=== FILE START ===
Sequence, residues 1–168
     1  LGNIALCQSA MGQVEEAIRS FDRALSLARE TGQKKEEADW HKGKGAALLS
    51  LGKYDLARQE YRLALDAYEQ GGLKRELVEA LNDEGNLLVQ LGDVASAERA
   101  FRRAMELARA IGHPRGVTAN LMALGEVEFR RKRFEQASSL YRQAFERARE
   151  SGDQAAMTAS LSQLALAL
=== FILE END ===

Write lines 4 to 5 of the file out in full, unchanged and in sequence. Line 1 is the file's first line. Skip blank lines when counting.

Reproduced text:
   101  FRRAMELARA IGHPRGVTAN LMALGEVEFR RKRFEQASSL YRQAFERARE
   151  SGDQAAMTAS LSQLALAL